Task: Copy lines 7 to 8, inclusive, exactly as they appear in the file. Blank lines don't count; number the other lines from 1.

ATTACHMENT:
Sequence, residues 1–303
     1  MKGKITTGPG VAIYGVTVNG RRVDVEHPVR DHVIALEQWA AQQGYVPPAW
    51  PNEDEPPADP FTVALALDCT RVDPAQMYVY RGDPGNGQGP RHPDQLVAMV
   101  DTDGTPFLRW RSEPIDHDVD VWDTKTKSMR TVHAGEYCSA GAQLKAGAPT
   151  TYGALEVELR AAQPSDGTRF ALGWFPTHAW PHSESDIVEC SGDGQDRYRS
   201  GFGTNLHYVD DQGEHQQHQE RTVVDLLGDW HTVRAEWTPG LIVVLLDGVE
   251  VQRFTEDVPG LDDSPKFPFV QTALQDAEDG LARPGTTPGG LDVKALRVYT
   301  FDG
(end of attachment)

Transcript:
   251  VQRFTEDVPG LDDSPKFPFV QTALQDAEDG LARPGTTPGG LDVKALRVYT
   301  FDG